In other words, people didn't act in accordance with God's will, so God threw magnificent tantrums.
As I revise the Psalter into a Thean prayer book, I find I can't abide by this manner of characterizing God. When I imagine God, I imagine her acting like a compassionate, patient, wise, peaceful grown-up--not like a child or a cult leader.
I don't want a fickle God. I want a God who's bigger than that. I want a God who shows her might in her gentleness and care; I want a God who forgives without demanding punishment first. I want a God who gets righteously angry at oppression and enslavement--realities that any loving individual ought to be angry about--and at the same time, I want her primary motivation to be love for all her creatures, who are (in equal measure) her incarnation.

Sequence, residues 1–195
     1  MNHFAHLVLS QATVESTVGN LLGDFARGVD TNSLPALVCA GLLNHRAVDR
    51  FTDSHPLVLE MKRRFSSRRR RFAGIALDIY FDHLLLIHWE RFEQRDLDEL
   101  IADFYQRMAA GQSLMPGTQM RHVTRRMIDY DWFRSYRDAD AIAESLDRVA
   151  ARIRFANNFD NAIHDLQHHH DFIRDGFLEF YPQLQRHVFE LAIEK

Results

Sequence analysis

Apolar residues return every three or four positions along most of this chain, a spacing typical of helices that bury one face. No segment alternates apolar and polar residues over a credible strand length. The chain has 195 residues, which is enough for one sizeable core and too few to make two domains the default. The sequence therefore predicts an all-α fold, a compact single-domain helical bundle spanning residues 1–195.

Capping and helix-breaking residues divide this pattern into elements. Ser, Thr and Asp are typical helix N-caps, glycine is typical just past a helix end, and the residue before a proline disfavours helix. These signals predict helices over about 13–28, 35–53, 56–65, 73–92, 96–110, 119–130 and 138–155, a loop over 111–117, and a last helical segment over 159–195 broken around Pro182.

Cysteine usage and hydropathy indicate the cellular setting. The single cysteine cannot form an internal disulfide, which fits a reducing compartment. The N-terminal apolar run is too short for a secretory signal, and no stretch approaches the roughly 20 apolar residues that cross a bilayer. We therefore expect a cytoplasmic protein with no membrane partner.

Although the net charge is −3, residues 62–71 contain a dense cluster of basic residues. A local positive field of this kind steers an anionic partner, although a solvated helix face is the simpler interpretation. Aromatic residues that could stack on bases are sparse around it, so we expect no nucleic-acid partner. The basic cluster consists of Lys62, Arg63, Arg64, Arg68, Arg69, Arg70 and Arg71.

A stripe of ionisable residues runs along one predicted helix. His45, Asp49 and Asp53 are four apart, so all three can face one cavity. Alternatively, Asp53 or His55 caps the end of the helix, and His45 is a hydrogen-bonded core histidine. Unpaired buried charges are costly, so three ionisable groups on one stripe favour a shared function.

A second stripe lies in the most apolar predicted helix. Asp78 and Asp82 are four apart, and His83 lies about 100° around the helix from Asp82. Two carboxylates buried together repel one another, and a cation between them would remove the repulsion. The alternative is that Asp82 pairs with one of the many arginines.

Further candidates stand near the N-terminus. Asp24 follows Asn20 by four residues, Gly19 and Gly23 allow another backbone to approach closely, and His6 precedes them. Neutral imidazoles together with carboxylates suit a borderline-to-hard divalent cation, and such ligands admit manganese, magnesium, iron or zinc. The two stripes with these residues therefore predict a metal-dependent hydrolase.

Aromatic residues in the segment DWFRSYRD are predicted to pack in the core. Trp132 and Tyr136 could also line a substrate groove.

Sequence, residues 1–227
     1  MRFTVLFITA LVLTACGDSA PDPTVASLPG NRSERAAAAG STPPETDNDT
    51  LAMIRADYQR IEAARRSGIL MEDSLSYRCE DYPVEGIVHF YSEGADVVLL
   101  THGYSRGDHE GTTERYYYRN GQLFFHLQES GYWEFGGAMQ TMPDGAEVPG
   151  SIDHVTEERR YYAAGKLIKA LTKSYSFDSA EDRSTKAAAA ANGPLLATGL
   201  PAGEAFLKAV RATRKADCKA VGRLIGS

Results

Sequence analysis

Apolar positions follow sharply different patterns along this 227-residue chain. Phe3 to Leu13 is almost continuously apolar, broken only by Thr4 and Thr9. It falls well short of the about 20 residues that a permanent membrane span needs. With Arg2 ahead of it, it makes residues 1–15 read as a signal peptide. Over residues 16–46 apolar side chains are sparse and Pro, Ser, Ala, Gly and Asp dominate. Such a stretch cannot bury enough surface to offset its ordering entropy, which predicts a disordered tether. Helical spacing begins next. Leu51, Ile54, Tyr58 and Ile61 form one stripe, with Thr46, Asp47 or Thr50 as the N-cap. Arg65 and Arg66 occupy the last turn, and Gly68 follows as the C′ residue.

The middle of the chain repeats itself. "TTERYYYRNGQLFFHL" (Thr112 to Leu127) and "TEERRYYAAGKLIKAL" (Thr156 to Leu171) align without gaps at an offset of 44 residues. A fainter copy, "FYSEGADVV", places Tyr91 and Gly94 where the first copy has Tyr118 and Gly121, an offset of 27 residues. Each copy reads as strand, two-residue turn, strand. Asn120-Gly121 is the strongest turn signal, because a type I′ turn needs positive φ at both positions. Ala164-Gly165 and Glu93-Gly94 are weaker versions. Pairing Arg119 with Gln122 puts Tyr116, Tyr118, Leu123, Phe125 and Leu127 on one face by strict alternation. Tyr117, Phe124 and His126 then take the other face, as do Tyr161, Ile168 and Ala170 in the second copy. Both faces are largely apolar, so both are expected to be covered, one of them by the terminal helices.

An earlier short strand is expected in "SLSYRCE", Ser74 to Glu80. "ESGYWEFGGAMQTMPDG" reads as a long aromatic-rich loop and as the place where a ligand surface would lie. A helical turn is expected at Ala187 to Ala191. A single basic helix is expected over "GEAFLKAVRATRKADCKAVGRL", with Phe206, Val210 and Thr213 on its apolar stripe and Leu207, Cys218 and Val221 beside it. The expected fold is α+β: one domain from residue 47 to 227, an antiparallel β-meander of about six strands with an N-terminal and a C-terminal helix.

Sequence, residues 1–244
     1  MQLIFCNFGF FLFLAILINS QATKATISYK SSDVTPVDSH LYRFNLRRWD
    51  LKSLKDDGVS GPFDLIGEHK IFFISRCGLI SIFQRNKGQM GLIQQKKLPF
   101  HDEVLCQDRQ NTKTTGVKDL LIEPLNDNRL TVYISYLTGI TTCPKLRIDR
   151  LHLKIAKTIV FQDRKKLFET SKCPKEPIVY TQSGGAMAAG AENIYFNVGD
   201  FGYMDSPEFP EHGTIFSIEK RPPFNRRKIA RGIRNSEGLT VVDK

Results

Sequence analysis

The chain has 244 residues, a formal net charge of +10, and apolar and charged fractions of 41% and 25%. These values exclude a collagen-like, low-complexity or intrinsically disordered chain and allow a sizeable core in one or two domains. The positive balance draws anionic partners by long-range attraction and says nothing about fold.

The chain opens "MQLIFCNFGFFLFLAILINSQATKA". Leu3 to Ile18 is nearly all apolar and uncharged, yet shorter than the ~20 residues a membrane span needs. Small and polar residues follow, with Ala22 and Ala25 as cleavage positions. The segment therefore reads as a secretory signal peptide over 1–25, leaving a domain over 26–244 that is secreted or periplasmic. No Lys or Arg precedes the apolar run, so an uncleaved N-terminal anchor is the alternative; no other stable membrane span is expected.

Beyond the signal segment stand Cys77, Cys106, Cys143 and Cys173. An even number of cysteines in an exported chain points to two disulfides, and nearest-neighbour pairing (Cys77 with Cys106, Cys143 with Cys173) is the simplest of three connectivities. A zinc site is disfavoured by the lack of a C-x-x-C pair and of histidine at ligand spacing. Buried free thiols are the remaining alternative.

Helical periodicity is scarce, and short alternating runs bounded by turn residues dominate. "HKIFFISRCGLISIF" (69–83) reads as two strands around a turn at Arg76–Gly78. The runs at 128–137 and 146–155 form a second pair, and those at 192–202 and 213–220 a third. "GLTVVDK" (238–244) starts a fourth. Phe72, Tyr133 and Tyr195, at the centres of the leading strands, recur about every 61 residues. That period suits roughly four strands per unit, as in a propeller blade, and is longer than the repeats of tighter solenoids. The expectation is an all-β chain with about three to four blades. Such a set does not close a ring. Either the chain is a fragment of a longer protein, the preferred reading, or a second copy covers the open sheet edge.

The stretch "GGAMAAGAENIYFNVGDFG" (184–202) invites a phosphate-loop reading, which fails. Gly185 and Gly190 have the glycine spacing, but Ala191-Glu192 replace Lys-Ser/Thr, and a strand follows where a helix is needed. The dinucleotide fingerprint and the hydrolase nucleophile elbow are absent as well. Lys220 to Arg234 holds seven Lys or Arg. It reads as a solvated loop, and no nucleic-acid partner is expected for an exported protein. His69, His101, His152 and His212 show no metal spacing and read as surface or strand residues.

As I reweave the psalms for Thean use, justice for the poor and oppressed will appear, but I hope to eliminate tantrums--particularly death-dealing ones. My Goddess is a Goddess of life, and I want to convey that, one psalm at a time.